NAB share price on watch amid $3,480 million half-year cash profit

NAB has reported a half-year cash profit of $3,480 million…

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Key points

  • NAB has released its half-year results
  • The banking giant delivered solid cash earnings and dividend growth during the half
  • However, NAB has warned that its costs growth will be higher than previously forecast

The National Australia Bank Ltd (ASX: NAB) share price will be in focus this morning.

This follows the release of the banking giant’s half-year results.

NAB share price on watch after earnings miss

  • Revenue up 4.6% over the prior corresponding period to $9,071 million
  • Cash earnings up 4.1% to $3,480 million
  • Net interest margin (NIM) down 11 basis points to 1.63%
  • CET1 ratio of 12.48%
  • Fully franked interim dividend per share up 22% to 73 cents

What happened during the half?

For the six months ended 31 March, NAB delivered a 4.6% increase in revenue to $9,071 million. This reflects strong growth in lending and deposits which were up 10% and 12%, respectively, versus the prior corresponding period.

It was a similar story on the bottom line, with cash earnings growth of 4.1% to $3,480 million. A key driver of this growth was the bank’s business banking operations.

The Business & Private Banking segment reported a 17.5% increase in cash earnings to $1,429 million. This reflects increased revenue from strong growth in lending and deposit volumes, broadly stable margins and a rise in fee income. Credit impairment charges were also lower. This was partially offset by higher operating expenses, including additional resources to support growth and investment in technology.

Also performing positively was the Corporate & Institutional Banking segment. It delivered a 3.1% increase in cash earnings to $806 million. This was driven by increased revenue, with strong growth in lending and deposit volumes combined with higher markets and fee income. This was partially offset by lower credit impairment write-backs and higher operating expenses.

In New Zealand, NAB reported an 8.4% lift in cash earnings to NZ$668 million. This reflects growth in lending and improved margins, which was partly offset by higher operating expenses and a rise in credit impairment charges.

Finally, the Personal Banking segment was out of form and reported an 8.3% decline in cash earnings to $788 million. Management advised that this was driven by lower credit impairment write-backs, combined with reduced revenue given competitive pressures and mix shift in the housing lending portfolio.

How does this compare to expectations?

While this result appears solid on paper, it appears to have fallen a touch short of expectations.

For example, according to a note out of Goldman Sachs, its analysts were expecting NAB to report first half cash earnings of $3,545 million.

Though, positively, NAB’s interim dividend of 73 cents per share came in ahead of Goldman’s forecast by one cent.

Management commentary

NAB’s CEO, Ross McEwan, was pleased with the bank’s performance during the half. He said:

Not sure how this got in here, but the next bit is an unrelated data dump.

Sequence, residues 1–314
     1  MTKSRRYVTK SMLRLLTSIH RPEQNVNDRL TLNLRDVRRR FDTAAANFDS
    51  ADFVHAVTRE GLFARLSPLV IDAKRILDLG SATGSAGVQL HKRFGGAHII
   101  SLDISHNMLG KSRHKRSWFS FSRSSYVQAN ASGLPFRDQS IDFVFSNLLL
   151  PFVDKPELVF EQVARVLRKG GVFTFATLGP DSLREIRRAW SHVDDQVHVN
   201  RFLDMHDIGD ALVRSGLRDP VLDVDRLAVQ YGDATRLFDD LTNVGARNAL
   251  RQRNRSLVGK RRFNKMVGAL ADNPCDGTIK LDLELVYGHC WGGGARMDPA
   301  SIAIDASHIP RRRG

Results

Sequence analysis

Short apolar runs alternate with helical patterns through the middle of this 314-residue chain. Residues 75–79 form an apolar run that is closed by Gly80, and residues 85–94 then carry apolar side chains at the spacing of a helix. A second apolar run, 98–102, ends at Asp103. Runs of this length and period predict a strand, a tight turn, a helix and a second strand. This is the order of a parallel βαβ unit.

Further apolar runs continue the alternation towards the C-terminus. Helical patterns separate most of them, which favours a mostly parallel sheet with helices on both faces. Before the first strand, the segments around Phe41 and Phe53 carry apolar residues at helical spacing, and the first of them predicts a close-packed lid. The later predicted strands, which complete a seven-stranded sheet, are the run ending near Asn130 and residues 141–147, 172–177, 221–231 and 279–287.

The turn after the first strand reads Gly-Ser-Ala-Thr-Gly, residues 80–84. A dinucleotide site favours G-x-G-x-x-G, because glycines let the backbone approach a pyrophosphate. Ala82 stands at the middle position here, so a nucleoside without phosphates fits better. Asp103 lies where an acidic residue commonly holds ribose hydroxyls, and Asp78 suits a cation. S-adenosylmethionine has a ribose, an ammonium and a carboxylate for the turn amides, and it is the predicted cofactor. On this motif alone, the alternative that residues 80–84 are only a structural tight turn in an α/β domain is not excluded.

“The execution of our strategy is delivering good results for our customers, colleagues and shareholders. We are producing better and faster experiences and getting the basics right more consistently. This has been achieved during a period of increased customer activity across all divisions of the bank, including the fastest growth in business lending since the GFC. 1H22 cash earnings increased 4% compared with 1H21. Revenue rose 4.6%, benefitting from pricing discipline and strong growth in lending and deposits which were up 10% and 12% respectively versus March 2021.”

However, one comment that could weigh on the NAB share price today relates to its cost growth targets, which have been reset higher.

He commented:

“Focused investment has been key to delivering strong momentum across our businesses. The recent shift to a higher growth outlook provides greater scope to keep investing while continuing to deliver productivity benefits. This, along with inflationary pressures has prompted a reset of our FY22 cost growth target to approximately 2-3%, to ensure we drive shareholder returns while balancing cost disciplines and growth opportunities. This target includes costs associated with the essential work underway to deliver the requirements of our Enforceable Undertaking (EU) with AUSTRAC.”

Nevertheless, Mr McEwan revealed that he is confident in the region’s medium term economic outlook and the strength of its balance sheet despite recent share buybacks. He said:

“Our results this period were achieved while maintaining strong balance sheet settings. This is key to delivering sustainable growth and keeping the bank safe. Our capital levels remain above our targets despite completing a $2.5 billion buy-back, with a further $2.5 billion buy-back commencing in May 2022. Our FY22 term funding is also well advanced. The lift in our 2022 interim dividend reflects progress of our strategy, confidence in the sustainability of our performance and our continued optimism in the medium term outlook for the Australian and New Zealand economies.”

Motley Fool contributor James Mickleboro has no position in any of the stocks mentioned. The Motley Fool Australia's parent company Motley Fool Holdings Inc. has no position in any of the stocks mentioned. The Motley Fool Australia has no position in any of the stocks mentioned. The Motley Fool has a disclosure policy. This article contains general investment advice only (under AFSL 400691). Authorised by Scott Phillips.

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